Mar 07, 2012 Denis rated it really liked it  ·  review of another edition
A "non-genre" novel by PKD. The only one of several he wrote during the fifties to be published during his life-time - though twenty or so years after it was written.

This was a revelation. I was born in the late sixties so only became 'aware' in the seventies, eighties and beyond... Were there many books like this written in the fifties? Was this the norm? Is this what it was really like in California during that time? This ain't no "American Graffiti" type story. No "Leave it to Beaver" or "Os
Jul 22, 2014 Gary rated it it was amazing  ·  review of another edition
From the first sentence onward, you know you are not listening to an ordinary story written by an ordinary writer.

This is my first introduction to the author, Philip K. Dick, and it won't be my last. He's noted for his science fiction and this story only skirts around the edges of that genre. Things aren't what they appear and he makes you realize that the normal (the sister Fay) is more crazy than the bizarre (Jack, the brother and crap artist).

The story is a a pure pleasure to listen to. The o
Apr 13, 2012 Tom rated it it was amazing  ·  review of another edition
A fine and underrated novel from Philip K. Dick, here writing outside of his science fiction comfort zone, and he shows that California in the 1950s could be just as fucked up as California in the (then) far-off 2000s. The shifting points of view (4 characters take turns moving the story forward) are beautifully handled, and there's plenty to disturb and amuse.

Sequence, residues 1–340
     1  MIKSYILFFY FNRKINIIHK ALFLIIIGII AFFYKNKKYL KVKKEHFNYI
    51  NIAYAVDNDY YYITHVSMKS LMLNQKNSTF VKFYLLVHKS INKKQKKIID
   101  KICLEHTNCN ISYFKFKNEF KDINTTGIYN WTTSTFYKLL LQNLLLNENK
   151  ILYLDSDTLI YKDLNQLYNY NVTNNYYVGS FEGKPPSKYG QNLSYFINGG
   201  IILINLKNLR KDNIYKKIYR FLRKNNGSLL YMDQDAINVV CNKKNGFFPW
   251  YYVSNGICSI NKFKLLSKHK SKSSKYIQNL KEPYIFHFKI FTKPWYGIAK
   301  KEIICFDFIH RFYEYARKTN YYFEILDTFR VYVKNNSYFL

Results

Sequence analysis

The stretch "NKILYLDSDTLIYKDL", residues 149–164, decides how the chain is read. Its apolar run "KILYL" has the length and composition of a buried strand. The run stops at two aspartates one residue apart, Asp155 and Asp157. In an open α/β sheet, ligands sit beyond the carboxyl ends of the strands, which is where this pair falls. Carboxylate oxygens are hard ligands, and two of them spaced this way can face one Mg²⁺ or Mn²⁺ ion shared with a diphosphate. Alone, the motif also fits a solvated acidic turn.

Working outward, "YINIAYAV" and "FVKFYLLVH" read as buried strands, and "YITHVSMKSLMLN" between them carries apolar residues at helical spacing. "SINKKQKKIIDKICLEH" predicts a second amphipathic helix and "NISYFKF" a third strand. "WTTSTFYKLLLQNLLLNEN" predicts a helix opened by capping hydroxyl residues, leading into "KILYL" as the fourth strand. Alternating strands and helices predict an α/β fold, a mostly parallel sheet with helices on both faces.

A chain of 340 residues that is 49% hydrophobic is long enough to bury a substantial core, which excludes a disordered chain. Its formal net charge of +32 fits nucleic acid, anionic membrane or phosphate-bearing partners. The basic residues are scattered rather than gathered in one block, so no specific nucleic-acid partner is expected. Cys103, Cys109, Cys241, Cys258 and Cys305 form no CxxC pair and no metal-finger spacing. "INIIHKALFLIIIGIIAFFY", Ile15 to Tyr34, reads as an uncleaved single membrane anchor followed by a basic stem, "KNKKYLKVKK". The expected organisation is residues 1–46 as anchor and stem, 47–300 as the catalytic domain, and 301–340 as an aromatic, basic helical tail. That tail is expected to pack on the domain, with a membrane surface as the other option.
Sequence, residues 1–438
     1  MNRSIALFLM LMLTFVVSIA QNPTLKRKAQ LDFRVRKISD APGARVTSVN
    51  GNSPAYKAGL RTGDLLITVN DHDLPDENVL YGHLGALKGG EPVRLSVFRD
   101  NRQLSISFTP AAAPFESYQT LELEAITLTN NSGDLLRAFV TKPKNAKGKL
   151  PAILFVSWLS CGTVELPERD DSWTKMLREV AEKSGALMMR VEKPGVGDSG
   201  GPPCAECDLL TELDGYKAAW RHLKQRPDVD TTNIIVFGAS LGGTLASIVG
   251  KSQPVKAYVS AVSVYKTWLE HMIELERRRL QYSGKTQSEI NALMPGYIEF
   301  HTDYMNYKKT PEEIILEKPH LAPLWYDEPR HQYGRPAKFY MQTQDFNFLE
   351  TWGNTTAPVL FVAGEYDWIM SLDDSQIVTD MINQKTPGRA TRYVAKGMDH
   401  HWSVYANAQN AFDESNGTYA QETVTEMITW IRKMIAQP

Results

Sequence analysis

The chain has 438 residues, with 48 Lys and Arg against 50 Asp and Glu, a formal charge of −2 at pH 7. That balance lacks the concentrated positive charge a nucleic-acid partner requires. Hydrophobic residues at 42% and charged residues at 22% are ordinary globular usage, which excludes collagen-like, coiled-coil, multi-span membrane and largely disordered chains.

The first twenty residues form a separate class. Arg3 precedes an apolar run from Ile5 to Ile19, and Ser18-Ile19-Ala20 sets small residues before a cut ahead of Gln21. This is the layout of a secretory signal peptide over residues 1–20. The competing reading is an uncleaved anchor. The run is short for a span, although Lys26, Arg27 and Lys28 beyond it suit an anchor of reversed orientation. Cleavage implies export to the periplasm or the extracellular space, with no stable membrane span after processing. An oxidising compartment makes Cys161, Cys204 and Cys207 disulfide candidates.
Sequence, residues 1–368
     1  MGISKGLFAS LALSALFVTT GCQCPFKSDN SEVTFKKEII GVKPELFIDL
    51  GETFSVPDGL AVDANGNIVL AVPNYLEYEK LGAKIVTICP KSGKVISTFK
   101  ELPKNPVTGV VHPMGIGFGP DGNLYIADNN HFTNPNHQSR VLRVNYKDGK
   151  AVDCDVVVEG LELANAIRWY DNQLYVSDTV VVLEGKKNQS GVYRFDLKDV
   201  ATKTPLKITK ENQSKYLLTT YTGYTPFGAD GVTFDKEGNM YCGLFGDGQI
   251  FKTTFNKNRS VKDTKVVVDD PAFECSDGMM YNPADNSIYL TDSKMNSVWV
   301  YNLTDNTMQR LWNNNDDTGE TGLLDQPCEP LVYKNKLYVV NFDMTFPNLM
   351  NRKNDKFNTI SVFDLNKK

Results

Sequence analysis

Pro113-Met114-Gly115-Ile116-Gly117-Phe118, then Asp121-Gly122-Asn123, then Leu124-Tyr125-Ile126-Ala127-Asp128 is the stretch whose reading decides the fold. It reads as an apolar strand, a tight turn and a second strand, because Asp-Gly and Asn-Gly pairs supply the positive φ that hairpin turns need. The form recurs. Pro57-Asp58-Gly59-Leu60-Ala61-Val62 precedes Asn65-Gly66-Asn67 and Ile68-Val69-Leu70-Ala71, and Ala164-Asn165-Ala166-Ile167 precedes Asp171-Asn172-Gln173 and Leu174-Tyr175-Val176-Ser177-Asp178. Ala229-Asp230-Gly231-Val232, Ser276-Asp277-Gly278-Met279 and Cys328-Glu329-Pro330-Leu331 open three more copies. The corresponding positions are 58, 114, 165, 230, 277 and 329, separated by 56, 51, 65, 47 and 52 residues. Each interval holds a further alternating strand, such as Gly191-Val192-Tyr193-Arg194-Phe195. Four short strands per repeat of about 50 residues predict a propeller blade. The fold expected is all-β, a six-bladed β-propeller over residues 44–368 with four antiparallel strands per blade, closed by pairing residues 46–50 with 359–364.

Non mi aspettavo che mi coinvolgesse (in crescendo) così tanto. Merito senza dubbio della scrittura, scorrevole e appropriata, e della scelta di utilizzare più punti di vista nel raccontare la storia.
Consiglio: non leggete assolutamente l'introduzione.
Jul 01, 2010 Ensiform rated it really liked it  ·  review of another edition
Shelves: fiction
Possibly Dick's best novel. It was intriguing in character development and psychology, and fairly innovative in style (for example, having three narrators). The sympathy of the reader is directed with skill through the course of the novel. Great!
Eddie Watkins
May 01, 2008 Eddie Watkins rated it really liked it  ·  review of another edition
Shelves: american-fiction